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J Cereb Blood Flow Metab. 2017 Mar;37(3):927-937. doi: 10.1177/0271678X16649196. Epub 2016 Jul 20.

Cerebellar neurodegeneration in a new rat model of episodic hepatic encephalopathy.

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1 Liver Unit, Institut de Recerca Valld'Hebron (VHIR), Hospital Universitari Vall d'Hebron, Barcelona, Spain.
2 Centro de Investigación Biomédica en Red de Enfermedades Hepáticas y Digestivas (CIBEREHD), Instituto de Salud Carlos III, Madrid, Spain.
3 Departament Medicina, Universitat Autònoma de Barcelona, Bellaterra, Spain.
4 Center for Fetal, Cellular and Mollecular Therapy, Division of Pediatric General and Thoracic Surgery, Cincinnati Children's Hospital Medical Center (CCHMC), OH, US.
5 Neurodegenerative Diseases Research Group, Institut de Recerca Valld'Hebron (VHIR) - Centro de Investigación Biomédica en Red de Enfermedades Neurodegenerativas, Barcelona, Spain.
6 Departament de Bioquímica i Biologia Molecular, Universitat Autònoma de Barcelona, Bellaterra, Spain.
7 Institució Catalana de Recerca i Estudis Avançats, Barcelona, Spain.


Hepatic encephalopathy has traditionally been considered a reversible disorder. However, recent studies suggested that repeated episodes of hepatic encephalopathy cause persistent impairment leading to neuronal loss. The aims of our study were the development of a new animal model that reproduces the course of episodic hepatic encephalopathy and the identification of neurodegeneration evidences. Rats with portacaval anastomosis underwent simulated episodes of hepatic encephalopathy, triggered by the regular administration of ammonium acetate, and/or lipopolysaccharide. The neurological status was assessed and neuronal loss stereologically quantified in motor areas. During the simulated episodes, ammonia induced reversible motor impairment in portacaval anastomosis rats. In cerebellum, stereology showed a reduction in Purkinje cell population in portacaval anastomosis and PCA+NH3 groups and morphological changes. An increase in astrocyte size in PCA+NH3 group and activated microglia in groups treated with ammonium acetate and/or lipopolysaccharide was observed. A modulation of neurodegeneration-related genes and the presence of apoptosis in Bergmann glia were observed. This new animal model reproduces the clinical course of episodic hepatic encephalopathy when ammonia is the precipitant factor and demonstrates the existence of neuronal loss in cerebellum. The persistence of over-activated microglia and reactive astrocytes could participate in the apoptosis of Bergmann glia and therefore Purkinje cell degeneration.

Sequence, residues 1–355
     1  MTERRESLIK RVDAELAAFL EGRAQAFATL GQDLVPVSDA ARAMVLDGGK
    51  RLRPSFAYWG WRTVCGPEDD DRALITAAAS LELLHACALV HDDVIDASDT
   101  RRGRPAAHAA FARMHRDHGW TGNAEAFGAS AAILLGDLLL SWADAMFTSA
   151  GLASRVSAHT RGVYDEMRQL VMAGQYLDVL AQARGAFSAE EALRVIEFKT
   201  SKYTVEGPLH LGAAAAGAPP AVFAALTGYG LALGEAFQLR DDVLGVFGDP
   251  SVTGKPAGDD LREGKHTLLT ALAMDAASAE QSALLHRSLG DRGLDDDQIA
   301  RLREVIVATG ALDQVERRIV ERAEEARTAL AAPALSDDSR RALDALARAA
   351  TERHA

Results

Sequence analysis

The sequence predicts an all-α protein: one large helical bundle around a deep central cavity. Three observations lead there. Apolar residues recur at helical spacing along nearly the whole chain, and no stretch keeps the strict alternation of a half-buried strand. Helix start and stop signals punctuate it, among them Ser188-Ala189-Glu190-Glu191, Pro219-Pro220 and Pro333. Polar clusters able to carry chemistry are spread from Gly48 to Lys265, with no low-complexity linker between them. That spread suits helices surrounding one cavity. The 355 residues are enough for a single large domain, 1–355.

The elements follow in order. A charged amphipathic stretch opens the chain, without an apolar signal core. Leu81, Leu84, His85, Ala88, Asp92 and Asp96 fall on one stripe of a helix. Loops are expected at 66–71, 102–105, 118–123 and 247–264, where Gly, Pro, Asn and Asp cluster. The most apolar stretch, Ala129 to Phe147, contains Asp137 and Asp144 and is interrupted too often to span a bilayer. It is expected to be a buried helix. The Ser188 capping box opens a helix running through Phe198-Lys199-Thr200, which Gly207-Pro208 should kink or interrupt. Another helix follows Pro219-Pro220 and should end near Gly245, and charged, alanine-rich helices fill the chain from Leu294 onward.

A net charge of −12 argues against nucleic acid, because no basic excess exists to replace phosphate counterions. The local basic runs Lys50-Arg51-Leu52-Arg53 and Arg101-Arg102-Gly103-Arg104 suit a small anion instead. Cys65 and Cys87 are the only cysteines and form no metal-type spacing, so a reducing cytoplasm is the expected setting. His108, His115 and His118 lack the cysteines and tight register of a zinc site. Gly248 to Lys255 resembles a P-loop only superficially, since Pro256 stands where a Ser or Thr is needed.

Apoptosis; astrocytes; inflammation; microglia; neurodegeneration

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